I am curious to find out if innodb_flush_log_at_trx_commit = 2 can cause a data / table / innodb corruption during the crash?
I know that this option could lead to a data loss of plus-minus 1 second.
It’s fine for me.
According to official MySQL docs this option looks “safe” ( defined as no corruption can occur, just data loss ):
However, I started to doubt after reading some Best Practices regarding MySQL RDS on AWS, there is a remark:
Data loss also refers here to any potential loss of data, not just transactions. Thus, this setting can be a source of potential corruption.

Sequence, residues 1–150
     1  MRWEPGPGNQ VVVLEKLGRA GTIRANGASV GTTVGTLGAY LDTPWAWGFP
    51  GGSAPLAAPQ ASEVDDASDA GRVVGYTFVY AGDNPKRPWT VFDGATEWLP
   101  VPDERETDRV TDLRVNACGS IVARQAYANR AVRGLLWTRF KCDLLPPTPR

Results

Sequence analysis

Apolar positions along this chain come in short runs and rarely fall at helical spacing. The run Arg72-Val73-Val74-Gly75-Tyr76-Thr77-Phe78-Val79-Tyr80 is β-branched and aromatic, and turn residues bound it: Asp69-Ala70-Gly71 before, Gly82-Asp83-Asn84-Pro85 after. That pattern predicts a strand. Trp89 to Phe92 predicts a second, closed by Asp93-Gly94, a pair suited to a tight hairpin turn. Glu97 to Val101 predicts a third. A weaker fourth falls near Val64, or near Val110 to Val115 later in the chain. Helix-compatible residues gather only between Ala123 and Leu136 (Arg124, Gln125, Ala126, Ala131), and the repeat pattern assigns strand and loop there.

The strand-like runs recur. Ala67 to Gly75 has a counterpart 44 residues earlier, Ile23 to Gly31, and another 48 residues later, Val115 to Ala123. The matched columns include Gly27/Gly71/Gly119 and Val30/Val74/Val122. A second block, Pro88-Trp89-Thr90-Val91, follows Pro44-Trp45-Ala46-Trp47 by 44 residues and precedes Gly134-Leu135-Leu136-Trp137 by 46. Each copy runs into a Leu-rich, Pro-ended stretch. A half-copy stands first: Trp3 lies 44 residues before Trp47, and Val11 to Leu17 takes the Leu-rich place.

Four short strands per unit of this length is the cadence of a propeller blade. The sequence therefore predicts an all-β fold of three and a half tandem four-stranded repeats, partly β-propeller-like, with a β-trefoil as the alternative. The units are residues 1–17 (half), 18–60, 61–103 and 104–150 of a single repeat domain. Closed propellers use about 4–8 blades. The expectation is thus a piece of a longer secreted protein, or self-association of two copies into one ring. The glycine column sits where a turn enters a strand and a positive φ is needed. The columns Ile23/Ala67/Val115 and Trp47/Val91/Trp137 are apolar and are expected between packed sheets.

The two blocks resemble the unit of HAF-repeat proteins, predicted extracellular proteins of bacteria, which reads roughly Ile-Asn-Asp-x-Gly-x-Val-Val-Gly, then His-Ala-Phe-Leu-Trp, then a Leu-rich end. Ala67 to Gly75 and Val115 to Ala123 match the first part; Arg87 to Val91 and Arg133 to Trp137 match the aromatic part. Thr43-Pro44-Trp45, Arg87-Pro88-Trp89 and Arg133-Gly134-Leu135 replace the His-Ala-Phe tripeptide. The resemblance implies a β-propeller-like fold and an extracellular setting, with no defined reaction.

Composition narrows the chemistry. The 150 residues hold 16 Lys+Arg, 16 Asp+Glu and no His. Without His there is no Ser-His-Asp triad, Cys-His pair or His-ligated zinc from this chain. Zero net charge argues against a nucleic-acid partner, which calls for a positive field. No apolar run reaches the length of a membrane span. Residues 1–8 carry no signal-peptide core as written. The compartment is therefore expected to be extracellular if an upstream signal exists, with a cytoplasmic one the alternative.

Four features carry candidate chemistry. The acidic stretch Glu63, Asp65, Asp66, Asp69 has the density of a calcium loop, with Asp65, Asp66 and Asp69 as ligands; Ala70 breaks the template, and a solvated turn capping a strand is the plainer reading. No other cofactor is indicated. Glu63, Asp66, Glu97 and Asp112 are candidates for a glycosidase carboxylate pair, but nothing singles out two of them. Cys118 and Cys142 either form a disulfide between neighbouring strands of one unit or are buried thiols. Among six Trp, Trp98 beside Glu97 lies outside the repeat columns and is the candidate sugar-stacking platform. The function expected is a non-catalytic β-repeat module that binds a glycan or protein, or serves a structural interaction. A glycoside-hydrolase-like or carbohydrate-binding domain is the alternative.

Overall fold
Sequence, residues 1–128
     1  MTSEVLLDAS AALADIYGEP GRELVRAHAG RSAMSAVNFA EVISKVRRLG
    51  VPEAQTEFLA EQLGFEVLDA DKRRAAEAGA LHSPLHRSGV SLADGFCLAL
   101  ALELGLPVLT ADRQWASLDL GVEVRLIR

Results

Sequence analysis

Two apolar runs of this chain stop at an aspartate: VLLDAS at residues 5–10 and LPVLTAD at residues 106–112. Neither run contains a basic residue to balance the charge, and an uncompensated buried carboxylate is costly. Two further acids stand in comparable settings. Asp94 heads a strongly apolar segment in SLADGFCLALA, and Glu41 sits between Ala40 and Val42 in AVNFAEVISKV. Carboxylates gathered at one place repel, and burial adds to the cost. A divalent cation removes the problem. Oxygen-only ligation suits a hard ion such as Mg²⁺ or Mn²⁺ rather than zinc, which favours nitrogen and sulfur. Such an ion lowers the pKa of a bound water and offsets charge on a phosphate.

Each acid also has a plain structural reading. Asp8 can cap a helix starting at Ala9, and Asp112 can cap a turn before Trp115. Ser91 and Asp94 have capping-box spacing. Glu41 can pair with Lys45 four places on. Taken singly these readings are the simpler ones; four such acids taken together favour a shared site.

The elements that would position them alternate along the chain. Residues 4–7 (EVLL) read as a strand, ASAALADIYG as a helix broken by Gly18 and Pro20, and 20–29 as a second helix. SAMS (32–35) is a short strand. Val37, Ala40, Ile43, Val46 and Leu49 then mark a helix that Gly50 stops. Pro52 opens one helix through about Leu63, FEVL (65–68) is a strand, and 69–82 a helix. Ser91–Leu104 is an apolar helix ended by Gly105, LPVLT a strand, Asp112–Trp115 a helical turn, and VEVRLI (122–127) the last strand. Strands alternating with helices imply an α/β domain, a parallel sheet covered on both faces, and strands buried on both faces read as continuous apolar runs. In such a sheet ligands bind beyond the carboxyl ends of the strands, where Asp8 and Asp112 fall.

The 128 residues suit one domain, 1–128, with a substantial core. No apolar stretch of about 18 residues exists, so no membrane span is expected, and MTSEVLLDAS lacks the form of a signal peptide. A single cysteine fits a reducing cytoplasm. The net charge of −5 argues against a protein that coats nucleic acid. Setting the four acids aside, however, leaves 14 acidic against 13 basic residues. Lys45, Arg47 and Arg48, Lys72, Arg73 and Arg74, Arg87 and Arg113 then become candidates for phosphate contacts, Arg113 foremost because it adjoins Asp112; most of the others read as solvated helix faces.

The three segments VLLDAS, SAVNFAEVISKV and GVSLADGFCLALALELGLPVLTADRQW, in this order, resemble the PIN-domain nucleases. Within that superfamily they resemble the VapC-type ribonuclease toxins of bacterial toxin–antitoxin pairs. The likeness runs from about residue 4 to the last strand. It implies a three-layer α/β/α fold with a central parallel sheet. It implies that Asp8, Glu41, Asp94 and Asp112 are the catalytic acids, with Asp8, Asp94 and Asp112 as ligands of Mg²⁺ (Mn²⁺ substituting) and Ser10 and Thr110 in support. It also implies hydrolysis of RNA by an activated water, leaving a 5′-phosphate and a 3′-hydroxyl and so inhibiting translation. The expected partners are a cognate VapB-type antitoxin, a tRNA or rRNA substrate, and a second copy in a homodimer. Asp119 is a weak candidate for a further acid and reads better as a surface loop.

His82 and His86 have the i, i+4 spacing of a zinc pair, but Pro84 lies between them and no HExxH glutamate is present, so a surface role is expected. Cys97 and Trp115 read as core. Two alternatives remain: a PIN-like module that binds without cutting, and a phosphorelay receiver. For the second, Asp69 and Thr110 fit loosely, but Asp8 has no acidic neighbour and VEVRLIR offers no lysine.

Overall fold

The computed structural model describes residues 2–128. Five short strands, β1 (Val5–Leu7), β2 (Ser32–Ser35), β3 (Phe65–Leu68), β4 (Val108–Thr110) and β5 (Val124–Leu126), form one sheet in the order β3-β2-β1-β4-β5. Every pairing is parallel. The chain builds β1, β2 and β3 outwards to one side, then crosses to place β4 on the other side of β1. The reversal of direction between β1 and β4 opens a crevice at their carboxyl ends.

P.S Let’s exclude the case when SSD or OS “fool” MySQL, i.e. see “Caution” section from the MySQL docs above:
- Many operating systems and some disk hardware fool the flush-to-disk operation. They may tell [ mysqld ] that the flush has taken place, even though it has not. In this case, the durability of transactions is not guaranteed even with the recommended settings, and in the worst case, a power outage can corrupt
InnoDBdata. Using a battery-backed disk cache in the SCSI disk controller or in the disk itself speeds up file flushes, and makes the operation safer. You can also try to disable the caching of disk writes in hardware caches.